Ruminations of the Reluctant Superhero

Recently, I was dubbed the Man of Zeal by a woman who is, by her actions and heart alone, a superhero. I thought it a comical title for a good three minutes until it occurred to me she wasn’t all that far off. I am, by nature, a zealous person, running around half-cocked on a mission to salvage some sense of purpose in this thing called life. Some times the quest pursues the fantasy list of happiness and dreams only an idiot–this one in particular–would dare expect to realize, the rest to serve those around me. The two entwine, often, but generally I find the latter balances out the failures of the former. In the end, though, I just like to help people. I like to be there when they need an ear, a voice, a shoulder, a heart, some muscle, whatever. It’s what I do.

I never stopped to consider why. I never questioned if I should let someone else handle it. I just did what my heart told me and hoped to hell it didn’t break me. I have no idea if this is healthy, if this is sane, or if it even matters. I know I’ve been taken advantage of. I know it’s blown up in my face from time-to-time. I know I’ve overreached when help wasn’t necessary. And still, I trudge on, zealous in my quest to do something, somewhere, anywhere, for anyone I can.

I imagine that sounds a bit braggadocious. I’m certainly no superhero. As far as I know it, superheroes tend to succeed more often than fail in their endeavors. That alone disqualifies me. However, that isn’t the bait on the hook here. The above is merely a train of thought leading to the station ahead. To narrow the field a bit: It’s only just now in life occurred to me that I never looked for any return of this way I have. I wanted it, somewhere within. Some quiet place where my brain sat idle in its desk, hand raised, patiently waiting to be called upon. Could very well be why my relationships have blown up, or why I don’t have a deep circle of friends to visit or hang out with regularly. No idea. I guess it’s irrelevant to me.

Truth is, I don’t worry about it. It doesn’t inherently change who I am. This is the way I’ve chosen to live my life, and I’m good with it. I’m at peace with it.

But it got me to considering the others out there. You know them. They’re in your life. The people who do, not for gain or reward but because someone needs to. The people who call, text, message, visit, invite you to coffee just to see how you’re doing. The people who aren’t asking for anything in return. They just want to help. Some will consider their motives suspect. Some might find annoyance in their do-goodery. Generally, however, they are beacons of light in an otherwise dim moment. You know exactly who they are.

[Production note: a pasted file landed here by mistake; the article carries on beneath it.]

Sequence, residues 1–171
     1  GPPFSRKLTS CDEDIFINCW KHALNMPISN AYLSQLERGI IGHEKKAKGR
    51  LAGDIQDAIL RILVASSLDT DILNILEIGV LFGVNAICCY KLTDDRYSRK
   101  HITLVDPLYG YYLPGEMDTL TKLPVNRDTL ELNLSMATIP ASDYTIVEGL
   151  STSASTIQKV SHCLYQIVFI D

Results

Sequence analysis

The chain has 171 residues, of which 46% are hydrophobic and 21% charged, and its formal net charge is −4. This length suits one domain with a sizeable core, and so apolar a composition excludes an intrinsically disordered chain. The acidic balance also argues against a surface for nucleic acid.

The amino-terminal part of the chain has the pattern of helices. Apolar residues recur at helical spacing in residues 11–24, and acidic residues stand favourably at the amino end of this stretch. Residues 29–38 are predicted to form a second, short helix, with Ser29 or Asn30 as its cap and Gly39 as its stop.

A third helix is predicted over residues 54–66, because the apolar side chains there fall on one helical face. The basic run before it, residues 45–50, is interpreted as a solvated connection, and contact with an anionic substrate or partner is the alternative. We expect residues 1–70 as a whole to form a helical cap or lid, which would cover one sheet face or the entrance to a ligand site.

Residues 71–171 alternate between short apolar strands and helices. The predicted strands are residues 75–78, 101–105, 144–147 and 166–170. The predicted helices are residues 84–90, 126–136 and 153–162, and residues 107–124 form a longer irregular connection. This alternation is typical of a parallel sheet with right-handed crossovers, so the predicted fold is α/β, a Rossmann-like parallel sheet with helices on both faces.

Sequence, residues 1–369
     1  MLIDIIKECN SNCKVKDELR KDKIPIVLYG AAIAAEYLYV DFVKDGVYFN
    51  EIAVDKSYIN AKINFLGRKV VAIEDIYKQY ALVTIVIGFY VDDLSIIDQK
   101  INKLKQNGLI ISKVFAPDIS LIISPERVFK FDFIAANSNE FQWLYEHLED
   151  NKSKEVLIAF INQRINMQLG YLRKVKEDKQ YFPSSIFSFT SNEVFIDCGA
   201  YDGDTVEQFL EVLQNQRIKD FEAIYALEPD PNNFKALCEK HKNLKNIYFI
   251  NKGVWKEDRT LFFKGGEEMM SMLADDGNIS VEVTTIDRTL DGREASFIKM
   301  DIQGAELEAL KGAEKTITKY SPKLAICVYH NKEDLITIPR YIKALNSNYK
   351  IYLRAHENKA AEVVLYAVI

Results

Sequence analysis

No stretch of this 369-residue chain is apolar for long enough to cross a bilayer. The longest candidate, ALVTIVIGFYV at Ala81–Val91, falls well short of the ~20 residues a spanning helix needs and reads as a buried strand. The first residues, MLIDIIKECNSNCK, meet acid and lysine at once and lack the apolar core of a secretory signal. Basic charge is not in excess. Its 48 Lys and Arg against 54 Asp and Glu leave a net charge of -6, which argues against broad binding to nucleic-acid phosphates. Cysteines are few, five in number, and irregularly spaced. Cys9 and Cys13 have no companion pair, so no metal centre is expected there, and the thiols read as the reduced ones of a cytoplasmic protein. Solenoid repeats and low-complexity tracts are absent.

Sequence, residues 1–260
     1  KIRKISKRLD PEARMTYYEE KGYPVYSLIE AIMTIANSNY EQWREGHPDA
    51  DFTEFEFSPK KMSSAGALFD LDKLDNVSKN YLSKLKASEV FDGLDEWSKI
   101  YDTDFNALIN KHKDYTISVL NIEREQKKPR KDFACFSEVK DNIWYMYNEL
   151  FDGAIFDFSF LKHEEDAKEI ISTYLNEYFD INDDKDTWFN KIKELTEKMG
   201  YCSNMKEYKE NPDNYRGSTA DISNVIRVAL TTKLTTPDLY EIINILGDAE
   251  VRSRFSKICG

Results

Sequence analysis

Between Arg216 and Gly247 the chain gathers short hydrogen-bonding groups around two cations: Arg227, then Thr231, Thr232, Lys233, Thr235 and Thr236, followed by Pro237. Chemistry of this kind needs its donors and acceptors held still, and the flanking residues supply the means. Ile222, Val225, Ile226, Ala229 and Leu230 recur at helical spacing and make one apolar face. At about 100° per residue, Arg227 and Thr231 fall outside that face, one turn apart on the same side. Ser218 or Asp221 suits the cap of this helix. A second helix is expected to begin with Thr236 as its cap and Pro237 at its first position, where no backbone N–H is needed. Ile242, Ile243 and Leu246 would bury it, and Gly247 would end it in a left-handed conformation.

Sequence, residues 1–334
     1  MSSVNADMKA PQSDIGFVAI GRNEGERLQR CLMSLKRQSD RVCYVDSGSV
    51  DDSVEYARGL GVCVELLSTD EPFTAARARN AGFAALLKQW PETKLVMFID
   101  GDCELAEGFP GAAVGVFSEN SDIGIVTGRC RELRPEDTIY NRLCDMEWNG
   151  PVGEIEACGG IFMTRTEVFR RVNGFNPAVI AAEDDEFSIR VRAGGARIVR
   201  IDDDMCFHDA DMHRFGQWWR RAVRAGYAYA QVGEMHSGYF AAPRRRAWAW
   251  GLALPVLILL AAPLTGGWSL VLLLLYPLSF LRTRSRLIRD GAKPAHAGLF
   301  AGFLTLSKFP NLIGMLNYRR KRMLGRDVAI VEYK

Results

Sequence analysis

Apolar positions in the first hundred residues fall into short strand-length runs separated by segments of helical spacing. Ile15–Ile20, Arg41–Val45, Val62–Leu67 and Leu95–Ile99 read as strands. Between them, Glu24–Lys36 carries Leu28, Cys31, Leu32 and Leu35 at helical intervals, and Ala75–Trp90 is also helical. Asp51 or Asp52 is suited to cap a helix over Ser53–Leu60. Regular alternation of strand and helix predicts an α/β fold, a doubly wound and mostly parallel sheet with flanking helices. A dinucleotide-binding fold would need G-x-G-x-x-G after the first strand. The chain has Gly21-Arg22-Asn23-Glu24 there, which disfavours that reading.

So, should you actually be one of the ten or twelve people who read this, I ask of you a simple task: Find the superhero in your life. Thank them. Ask them how they are doing. Ask them if they need any help with anything, or need to talk life and its myriad challenges, or would just like to sit silently with someone and have some coffee or food or whatever and not feel as though they fight the good fight alone. Don’t let them turn the conversation on you. For one day, one moment, one blink of an eye, be their hero. It will fuel them more than you know.

If I use a Horcrux, will that help?

Busy, busy, busy, busy, busy.

I had planned November to be all about the writing. I joined that whole NaWriMo, or whatever it’s called. thing. The Progenitor would stay on course, I said. I had a word count. A proud, distinguished target.

Bullocks.

As it happens, November is traditionally a busy month on the Georgia Center for the Book schedule. The Georgia Literary Festival in Augusta, Children’s Book Festival in Savannah, Elizabeth George, Lynn Cullen, Diana Butler Bass, Sue Grafton with Amanda Kyle Williams, Jane Smiley, Tanwi Nandini Islam … you get the drift. Busy.

But wait! There’s more! I, as the Executive Director and along with my awesome Board of Directors, launched the Broadleaf Writers Association in November! No problem! Just a few things to take care of. Emails to send, posts to write, a website to set, meetings, social media to maintain, conversations with writers, a fundraiser to plan. Just a few things. No big whoop.

But wait! There’s more!

Twice a week I work with a friend of mine who runs an after-school chess program. Two schools, each thirty minutes away. Great work, I love it, but you may not know this … kids suck your energy away. I’m guessing this is what the soda bottle feels like after being drained in a few gulps.

BUT WAI … oh, never mind. You get it. Busy.

Oddly, I found time to write. The Progenitor moves forward. I’m nearing the halfway mark, which is not as far as I’d like to be, but is certainly not a disappointment. As action packed as it is to the end, it’ll zip by. I still expect to have it completed before Spring.

All of this activity made me realize that Voldemort may have been onto something with the Horcruxes. I mean, dude split himself into seven pieces and he was good with it. A little wacky, sure, but he went about his business. No fracture too difficult to manage. I’m split four ways and I’m exhausted. Maybe if I could parcel some of this into an inanimate object or four I’d be better off.

The most recent split of my attention launched today. Broadleaf’s initial fundraising campaign launched on GoFundMe. Lookit: (this is where a GoFundMe widget would go if I wasn’t too tired to figure out why it isn’t working. So instead, here’s a fancy link to the campaign!)